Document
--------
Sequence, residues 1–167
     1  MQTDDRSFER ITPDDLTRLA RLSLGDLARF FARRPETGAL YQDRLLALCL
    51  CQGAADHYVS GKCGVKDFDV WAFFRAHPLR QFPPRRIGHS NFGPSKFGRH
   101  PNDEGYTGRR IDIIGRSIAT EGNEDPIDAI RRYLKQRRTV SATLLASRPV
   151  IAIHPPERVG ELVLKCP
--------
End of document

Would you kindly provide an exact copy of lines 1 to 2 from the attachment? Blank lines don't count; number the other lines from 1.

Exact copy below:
Sequence, residues 1–167
     1  MQTDDRSFER ITPDDLTRLA RLSLGDLARF FARRPETGAL YQDRLLALCL